Do Excess Custody Credits Reduce Community Supervision Time?
With this order, he was then ordered to participate for up to three years in a post-release community supervision program provided under Penal Code § 3451 as part of the Post-Release Community Supervision Act of 2011. Such a program is similar to parole for more violent offenders. Rangel appealed this order, arguing that the additional time he spent in prison (nine years beyond the new sentence of nine years) should be credited towards the maximum of three years he might spend in the post-release community supervision program.
The Fourth Appellate District agreed with Rangel and held that the order that he participate in the post-release community supervision program was improper, as it violated his right to equal protection under the Constitution. After all, prisoners who are referred to parole are entitled to apply excess custody credits to reduce the period of parole under Penal Code § 2900.5(a) and (c). Those assigned to post-release community supervision should be treated the same, the appellate court reasoned. The case was then sent back to the Riverside County judge, Edward D. Webster, who vacated the post-release community supervision order.
The People filed a writ of mandamus, challenging the Riverside Superior Court judge’s order. The basic argument was that the underlying offense remained the same, but only the sentence had changed. There still was a need for post-release community supervision. Rangel, in other words, was enjoying a two-fold windfall – lower sentence and no post-release program at all.
A bit of background information is helpful to understand the factual framework for the underlying decision and the appeal. In 1996, Mr. Rangel was convicted of being a felon in possession of a firearm (Penal Code § 12021(a)(1)) and two misdemeanors. Mr. Rangel had two prior “strike” convictions. Pursuant to the Three Strikes Law in effect at the time, Rangel was sentenced to an indeterminate turn of 25 years to life in state prison.
In 2012, Prop 36, known as the Three Strikes Reform Act, was passed. It changed Penal Code § 667 to allow defendants with two prior strikes but whose current conviction is not for a “serious and/or violent felony” to be subject to only a sentence of double the base term of the current offense, rather than face the minimum term of 25 years to life reserved for more serious offenders. California voters also added Penal Code § 1170.126, which allowed inmates already sentenced as third strikers under the old law to petition to have their sentences recalled and be resentenced under Prop 36, if they would be subject to a lesser term.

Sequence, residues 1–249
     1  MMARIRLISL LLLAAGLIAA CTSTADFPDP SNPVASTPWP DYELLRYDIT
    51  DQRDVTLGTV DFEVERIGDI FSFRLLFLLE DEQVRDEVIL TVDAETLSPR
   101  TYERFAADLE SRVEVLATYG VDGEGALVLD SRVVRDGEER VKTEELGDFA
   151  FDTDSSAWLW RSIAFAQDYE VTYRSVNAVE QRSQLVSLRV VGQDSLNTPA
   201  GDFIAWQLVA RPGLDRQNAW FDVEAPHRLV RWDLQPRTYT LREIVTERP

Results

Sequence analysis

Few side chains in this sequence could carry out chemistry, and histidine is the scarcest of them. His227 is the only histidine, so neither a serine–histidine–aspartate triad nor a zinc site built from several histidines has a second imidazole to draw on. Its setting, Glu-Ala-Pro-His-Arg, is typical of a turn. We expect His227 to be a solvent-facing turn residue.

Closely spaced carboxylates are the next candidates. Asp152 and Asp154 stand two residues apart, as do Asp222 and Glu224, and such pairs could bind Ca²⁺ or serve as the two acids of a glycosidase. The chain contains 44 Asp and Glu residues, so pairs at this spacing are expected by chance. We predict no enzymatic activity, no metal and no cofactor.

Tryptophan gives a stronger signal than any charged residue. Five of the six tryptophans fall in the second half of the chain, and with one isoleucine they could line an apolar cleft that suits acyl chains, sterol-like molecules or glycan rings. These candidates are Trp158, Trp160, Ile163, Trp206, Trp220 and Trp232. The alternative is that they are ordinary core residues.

This is what Rangel did and was resented to the upper term of three years for the weapons offense, doubled to six years, plus three years for each of three one-year prior prison term enhancements for a total of nine years.
The Fourth Appellate District considered a 2016 case involving Prop 47, People v. Morales (2016) 63 Cal.4th 399, wherein Mr. Morales successfully petitioned under Prop 47 to have his conviction of heroin conviction reduced to a misdemeanor. The judge reduced his sentence to one year in county jail and then, to Morales’ surprise, ordered him to one year of parole. Morales argued that his excess custody credits should be applied to reduce his period of parole and the appellate court agreed. The People then appealed to the California Supreme Court, which reversed, noting that Prop 47 gave the judge discretion to impose parole or not. Since the original judge used his discretion to order parole, this was proper.
The same approach was then applied in looking at Penal Code § 2900.5, which is what Rangel relied upon. Section 2900.5, the Fourth District Court of Appeal, had the same language allowing the sentencing judge such discretion, so the Fourth District granted the People writ and ordered Rangel participate in the program of post-release community supervision as originally ordered.
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